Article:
It has been an up-and-down season for the Buccaneers pass offense. Things started out promising. Jameis Winston met or surpassed the opponent’s average passer rating allowed in five of his first six games. But things quickly went downhill from there, and the Bucs offense now seems to be mid free-fall. The chart above is a bit misleading due to Ryan Fitzpatrick’s poor three-game stretch, but overall, this is still a somewhat average passing attack.

Statistically speaking, we’re going to just look at Winston’s season. For starting quarterbacks, Winston ranks 17th in passer rating (90.1), 11th in yards per attempt (7.53) and 22nd in completion percentage (61.9).

Per usual, his favorite target is Mike Evans, who is currently 19th in the NFL in receiving yards with 735, but he surprisingly only has four touchdowns.

This Lions pass defense is falling apart. After an extremely promising start to the year, the Lions have looked completely overmatched against some of the worst passing offenses in the league. None of it seems to make any sense. The Lions held their own against the Falcons, Saints and Vikings earlier in the season, but they were outclassed by the Browns, Bears and Ravens recently. It’s bizarre and I don’t like it.

While part of that can be explained by how poor Detroit is defending the run recently (more on that later), a lot of blame needs to be put on the secondary. After forcing nine interceptions before the bye week, the Lions have just two in the past six games.

Overall, Detroit is 16th in passer rating allowed (87.9), t-24th in yards per attempt (7.5), and 20th in completion percentage (63.4). I think it’s fair to call this unit below average right now, possibly worse.

Player to watch: O.J. Howard. That same pesky problem of 2016 is back again: The Lions cannot seem to defend opposing tight ends. According to Football Outsider, the Lions have the second worst defensive DVOA against tight ends. Meanwhile, Howard has seven catches for 121 yards and a touchdown in his past three games.

Advantage: Bucs +1. Darius Slay is capable of stopping Mike Evans, but it’s everyone else that I’m worried about. DeSean Jackson could give the Nevin Lawson/DJ Hayden combination trouble, while I fully expect Howard to go off against a poor linebacking corps.

Bucs run offense (26th) vs. Lions run defense (25th)

I know what you’re thinking. No, I didn’t accidentally put the Lions’ running offense chart on here twice. The Buccaneers are almost just as bad running the ball as Detroit. They’ve only reached 100 team rushing yards three times this season, while they’ve only rushed for over 4.0 yards per carry four times and failed to reach 3.0 YPC four times.

However, last week Tampa shifted backs to Peyton Barber, who saw some success against the Packers, rushing for 102 yards and 4.4 YPC. But Doug Martin appears to have recovered from the concussion that held him out of last game. Will the Bucs stick with Barber or go back to the veteran Martin, who is averaging just 3.2 YPC this season?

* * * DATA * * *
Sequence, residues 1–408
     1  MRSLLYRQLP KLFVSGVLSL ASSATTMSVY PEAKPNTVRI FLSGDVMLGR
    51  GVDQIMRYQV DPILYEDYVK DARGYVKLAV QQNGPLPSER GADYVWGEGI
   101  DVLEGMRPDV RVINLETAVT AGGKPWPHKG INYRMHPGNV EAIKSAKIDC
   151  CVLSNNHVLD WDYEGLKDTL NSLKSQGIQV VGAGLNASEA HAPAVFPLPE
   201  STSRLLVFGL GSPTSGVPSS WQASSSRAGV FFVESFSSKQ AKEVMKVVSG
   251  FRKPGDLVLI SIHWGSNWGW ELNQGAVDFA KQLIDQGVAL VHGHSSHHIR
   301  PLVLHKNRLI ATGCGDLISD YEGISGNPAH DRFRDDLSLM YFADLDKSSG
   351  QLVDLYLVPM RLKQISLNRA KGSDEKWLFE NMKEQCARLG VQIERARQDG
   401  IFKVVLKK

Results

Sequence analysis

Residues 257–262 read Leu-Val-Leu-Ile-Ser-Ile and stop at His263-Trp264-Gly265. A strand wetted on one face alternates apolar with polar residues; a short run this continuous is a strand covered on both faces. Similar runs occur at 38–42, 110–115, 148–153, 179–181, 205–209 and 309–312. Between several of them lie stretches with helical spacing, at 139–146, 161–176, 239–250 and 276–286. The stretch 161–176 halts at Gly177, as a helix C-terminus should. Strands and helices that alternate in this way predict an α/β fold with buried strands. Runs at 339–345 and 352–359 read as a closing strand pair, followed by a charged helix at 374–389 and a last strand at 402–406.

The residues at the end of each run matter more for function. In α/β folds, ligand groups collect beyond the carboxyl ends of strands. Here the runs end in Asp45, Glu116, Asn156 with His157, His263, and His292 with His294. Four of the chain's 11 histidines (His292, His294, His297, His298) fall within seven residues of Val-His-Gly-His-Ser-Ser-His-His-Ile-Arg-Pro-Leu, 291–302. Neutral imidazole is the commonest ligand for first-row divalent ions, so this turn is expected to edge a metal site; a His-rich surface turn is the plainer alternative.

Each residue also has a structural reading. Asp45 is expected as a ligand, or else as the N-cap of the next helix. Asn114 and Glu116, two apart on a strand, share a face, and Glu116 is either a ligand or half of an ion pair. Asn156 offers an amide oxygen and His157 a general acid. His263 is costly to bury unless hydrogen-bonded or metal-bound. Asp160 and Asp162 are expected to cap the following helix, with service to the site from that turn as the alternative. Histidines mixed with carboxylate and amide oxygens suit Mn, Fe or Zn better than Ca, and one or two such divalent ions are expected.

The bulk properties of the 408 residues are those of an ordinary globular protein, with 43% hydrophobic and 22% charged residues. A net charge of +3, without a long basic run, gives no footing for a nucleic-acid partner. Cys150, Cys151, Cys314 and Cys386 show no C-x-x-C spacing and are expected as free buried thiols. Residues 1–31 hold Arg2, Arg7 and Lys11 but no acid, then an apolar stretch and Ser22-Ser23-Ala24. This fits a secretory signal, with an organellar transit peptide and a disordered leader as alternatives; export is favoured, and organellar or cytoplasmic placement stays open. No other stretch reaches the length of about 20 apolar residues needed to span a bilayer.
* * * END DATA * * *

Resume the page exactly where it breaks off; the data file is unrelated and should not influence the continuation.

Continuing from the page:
As a team, Tampa is averaging just 3.6 yards per carry (29th) and earning first downs on just 18.6 percent of carries (25th). They only have three rushes of 20+ yards (last) and zero of 40+ (last), so don’t expect the Lions to give up big plays on the ground this week.

This chart is... surprising. It feels like the Lions are in the midst of one of the worst string of games in terms of their run defense. However, the past two weeks have actually been successes by On Paper standards. Though they’ve given up 118.5 rushing yards per game in that stretch, they’ve only allowed 3.5 yards per carry. Maybe they’re finally rebounding?

Over the course of the season, they’re allowing 4.2 yards per carry (t-17th), but a whopping 26.2 percent of carries are earning first downs against the Lions (31st).

Player to watch: Jameis Winston. While Winston hasn’t been much of a running threat this year (his highest game total is 18 rushing yards), the Lions have been especially prone to allowing quarterbacks to beat them with their feet. Tampa runs a little read-option, so don’t be surprised to see more Lions defensive ends getting caught inside while Winston kicks it out.

Advantage: Lions +1. This doesn’t feel right, and I’ve got a sickening feeling that I may look like a fool after Sunday, but objectively speaking, the Lions should have the edge here. They’ve actually settled down as a run defense as of late, and the Buccaneers running game is almost as bad as Detroit’s, despite Barber’s good performance last week.

Last week’s prediction:

On Paper is now 8-4 on the year after correctly predicting a Ravens win last week. However, my score prediction of 23-20 was nowhere near the final score of 44-20... but neither was anyone else’s prediction. The closest prediction in the comment section came from Sickness Gone, who predicted a final score of 27-16 Ravens.

Your prize this week is everyone’s favorite new board game: Detroit Lions Head Coaching: The Home Edition.

Detroit Lions Head Coaching: Home Edition comes with everything you see above:

  • An abacus* that helps you count to 11 to make sure you have the proper amount of players on the field
  • Nothing else

*Batteries not included. Also, abacus may be missing one or two beads, depending on the week.

This week’s prediction:

The Lions come out with a +1.5 advantage, which I’m guessing is going to be the largest advantage you’ll see for Detroit in the remaining four games. This is a very favorable matchup for the Lions, and it’s a game they should absolutely win.

Obviously the biggest intangible right now is the health of Matthew Stafford. Finger injuries have drastically impacted his effectiveness in the past, and unfortunately we have no real frame of reference for this specific injury. But considering reporters said he had his normal zip on the ball during Thursday’s practice, I choose to be optimistic. Lions 31, Buccaneer 26.